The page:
UK Government falls short on promises to Clyde ship building, unions claim


GMB laments failure to establish a frigate factory on the Clyde

UNIONS representing Scottish ship builders have claimed that the UK Government has failed to live up to its promises to workers on the Clyde.

The government has confirmed today (4 November) that eight Type 26 frigates will be constructed on the upper Clyde, drawing plaudits from the GMB and Unite unions.

However, the GMB also confirmed that this fell far short of the 18 military vessels initially slated for construction at the Scottish yards, and would mean the possibility of a “frigate factory” in Scotland, which could be a site of future training and employment, had been missed.

A GMB spokesperson said: “It’s just a great pity that the UK government has not delivered on its promise to build the frigate factory on the Upper Clyde which would have seen state-of-the-art facilities creating a platform for the export market.”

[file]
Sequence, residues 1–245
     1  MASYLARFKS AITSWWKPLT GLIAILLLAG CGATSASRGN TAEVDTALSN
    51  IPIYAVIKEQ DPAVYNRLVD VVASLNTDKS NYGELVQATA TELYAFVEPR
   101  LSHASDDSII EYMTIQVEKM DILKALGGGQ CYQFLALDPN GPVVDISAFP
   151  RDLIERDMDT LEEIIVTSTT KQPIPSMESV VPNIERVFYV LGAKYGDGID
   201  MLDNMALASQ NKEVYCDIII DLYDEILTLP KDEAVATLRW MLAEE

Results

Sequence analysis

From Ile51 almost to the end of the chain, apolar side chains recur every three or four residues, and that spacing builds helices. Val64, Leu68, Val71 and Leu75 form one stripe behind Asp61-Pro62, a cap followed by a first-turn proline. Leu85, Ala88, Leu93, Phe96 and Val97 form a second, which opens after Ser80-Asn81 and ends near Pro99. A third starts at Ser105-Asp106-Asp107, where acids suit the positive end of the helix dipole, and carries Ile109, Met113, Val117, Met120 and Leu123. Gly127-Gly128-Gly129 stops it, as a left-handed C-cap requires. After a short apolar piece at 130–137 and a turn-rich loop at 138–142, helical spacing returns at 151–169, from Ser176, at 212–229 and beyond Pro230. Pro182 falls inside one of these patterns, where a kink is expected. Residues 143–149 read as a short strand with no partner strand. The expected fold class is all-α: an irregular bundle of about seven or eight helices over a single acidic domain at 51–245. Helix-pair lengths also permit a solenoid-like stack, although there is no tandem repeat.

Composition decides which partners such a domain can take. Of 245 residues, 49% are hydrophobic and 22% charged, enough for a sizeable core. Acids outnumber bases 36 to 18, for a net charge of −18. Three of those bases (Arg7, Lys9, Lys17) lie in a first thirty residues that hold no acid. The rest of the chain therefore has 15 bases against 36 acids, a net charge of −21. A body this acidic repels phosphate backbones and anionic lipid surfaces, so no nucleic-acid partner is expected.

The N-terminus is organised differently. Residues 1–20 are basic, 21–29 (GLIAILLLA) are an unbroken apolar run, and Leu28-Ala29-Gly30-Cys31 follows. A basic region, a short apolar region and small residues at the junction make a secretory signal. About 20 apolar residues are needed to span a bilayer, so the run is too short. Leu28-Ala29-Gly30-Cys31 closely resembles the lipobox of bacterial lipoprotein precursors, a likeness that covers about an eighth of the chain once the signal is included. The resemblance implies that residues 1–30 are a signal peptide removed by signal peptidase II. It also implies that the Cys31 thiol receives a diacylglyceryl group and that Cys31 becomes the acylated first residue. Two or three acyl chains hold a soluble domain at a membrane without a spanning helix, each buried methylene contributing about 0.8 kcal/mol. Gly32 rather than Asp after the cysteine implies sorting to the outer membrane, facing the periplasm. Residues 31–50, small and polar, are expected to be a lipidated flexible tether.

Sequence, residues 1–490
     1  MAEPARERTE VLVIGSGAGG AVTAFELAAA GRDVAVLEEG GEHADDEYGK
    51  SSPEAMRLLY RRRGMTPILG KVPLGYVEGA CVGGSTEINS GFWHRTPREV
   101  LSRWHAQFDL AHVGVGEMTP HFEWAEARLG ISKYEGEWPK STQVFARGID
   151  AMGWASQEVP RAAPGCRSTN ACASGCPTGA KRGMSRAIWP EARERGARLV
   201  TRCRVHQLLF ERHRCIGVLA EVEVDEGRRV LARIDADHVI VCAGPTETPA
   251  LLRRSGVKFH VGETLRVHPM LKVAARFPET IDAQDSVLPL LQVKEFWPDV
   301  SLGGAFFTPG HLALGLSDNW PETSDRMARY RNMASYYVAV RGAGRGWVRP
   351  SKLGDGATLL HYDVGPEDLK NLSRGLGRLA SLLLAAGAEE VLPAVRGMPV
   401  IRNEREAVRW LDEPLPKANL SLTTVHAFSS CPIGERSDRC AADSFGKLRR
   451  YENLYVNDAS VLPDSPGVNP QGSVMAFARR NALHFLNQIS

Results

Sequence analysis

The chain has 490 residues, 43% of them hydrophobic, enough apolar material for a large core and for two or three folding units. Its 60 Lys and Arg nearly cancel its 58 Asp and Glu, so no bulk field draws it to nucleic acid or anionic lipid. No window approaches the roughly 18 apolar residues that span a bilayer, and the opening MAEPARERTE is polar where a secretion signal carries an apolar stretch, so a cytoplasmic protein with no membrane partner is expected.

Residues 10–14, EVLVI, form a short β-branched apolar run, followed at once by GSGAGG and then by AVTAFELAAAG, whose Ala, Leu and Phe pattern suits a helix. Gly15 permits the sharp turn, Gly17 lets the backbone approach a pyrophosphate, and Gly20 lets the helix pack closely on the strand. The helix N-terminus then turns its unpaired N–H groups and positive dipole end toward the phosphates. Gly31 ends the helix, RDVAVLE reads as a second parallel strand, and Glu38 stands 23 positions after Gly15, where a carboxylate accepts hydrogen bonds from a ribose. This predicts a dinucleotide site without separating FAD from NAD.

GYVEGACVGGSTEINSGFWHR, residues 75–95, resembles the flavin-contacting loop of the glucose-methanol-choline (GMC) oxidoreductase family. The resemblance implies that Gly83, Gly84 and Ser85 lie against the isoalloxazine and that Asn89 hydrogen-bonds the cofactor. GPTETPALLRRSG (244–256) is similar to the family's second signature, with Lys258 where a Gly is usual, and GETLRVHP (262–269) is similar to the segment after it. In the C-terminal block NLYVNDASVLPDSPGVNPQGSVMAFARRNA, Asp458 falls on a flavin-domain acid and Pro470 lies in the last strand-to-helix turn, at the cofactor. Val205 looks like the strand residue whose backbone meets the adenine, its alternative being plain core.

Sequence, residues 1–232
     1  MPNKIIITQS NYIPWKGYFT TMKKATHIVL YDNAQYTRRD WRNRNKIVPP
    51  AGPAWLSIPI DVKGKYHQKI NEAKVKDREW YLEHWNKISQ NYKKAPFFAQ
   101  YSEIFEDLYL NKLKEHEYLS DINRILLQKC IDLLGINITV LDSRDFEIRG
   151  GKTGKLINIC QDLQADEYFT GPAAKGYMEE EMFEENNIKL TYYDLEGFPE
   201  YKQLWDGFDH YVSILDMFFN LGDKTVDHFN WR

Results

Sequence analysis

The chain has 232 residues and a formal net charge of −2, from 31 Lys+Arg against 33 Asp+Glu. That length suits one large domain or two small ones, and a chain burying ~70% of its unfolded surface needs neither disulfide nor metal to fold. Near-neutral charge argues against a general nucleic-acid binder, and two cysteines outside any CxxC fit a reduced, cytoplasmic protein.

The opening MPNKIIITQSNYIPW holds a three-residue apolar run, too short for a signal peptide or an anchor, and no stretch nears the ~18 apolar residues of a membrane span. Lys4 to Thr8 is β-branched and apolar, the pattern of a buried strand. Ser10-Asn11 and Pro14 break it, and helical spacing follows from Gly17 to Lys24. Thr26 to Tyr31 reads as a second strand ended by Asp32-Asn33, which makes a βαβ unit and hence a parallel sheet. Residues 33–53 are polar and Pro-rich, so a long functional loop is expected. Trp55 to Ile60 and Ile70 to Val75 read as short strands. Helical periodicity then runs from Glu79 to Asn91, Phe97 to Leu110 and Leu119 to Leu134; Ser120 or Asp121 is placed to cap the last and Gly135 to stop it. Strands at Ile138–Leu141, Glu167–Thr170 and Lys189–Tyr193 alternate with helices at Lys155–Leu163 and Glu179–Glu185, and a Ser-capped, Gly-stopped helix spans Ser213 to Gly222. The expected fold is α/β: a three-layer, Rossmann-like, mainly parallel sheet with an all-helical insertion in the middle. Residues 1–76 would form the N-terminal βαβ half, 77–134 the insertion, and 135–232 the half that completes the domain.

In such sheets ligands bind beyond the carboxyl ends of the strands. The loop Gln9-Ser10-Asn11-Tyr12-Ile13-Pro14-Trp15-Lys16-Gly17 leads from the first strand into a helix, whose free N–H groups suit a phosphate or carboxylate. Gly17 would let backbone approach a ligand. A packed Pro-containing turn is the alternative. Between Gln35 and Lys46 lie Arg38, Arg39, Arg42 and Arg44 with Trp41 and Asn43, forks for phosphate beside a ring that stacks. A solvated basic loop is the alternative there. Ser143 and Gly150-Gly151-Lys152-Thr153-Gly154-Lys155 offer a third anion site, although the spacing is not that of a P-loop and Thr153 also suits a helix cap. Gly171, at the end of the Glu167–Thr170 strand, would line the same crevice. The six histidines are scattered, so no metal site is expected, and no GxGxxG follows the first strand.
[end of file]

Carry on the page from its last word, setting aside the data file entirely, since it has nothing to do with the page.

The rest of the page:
Before the Scottish Independence referendum of September 2014, Clyde ship builders were told by leading figures in the No campaign that independence would see a drastic cut to work on the Clyde, as the UK would stop commissioning the construction of its military ships in Scotland.

Cut in Clyde shipbuilding work a "betrayal" of #indyref promises to Scotland

However, in November 2015 the UK cut the number of ships it had planned to construct on the Clyde from 13 to eight, triggering fears of a further collapse in orders and a threat to more jobs.

The GMB also said the UK Government had to be “dragged” into honouring even some of its commitments.  

Answering the charges that the government had not lived up to its word, secretary of state for the UK Michael Fallon said: “Nobody is short-changing the Clyde. This is a huge moment for the Clyde today; we're confirming we're going ahead with the steel cut next summer, earlier than expected.

“We pledged a fleet of frigates and destroyers. The first eight will be the Type 26 combat ships. After that, we will be building a lighter frigate, and we will end up with a fleet that is larger than the fleet at the moment. This is a huge moment for the Clyde and work for the next 20 years. It will secure hundreds of jobs on the Clyde until 2035. It is a programme involving billions of pounds and safeguarding hundreds of jobs.”

Picture courtesy of Royal Navy Media Archive

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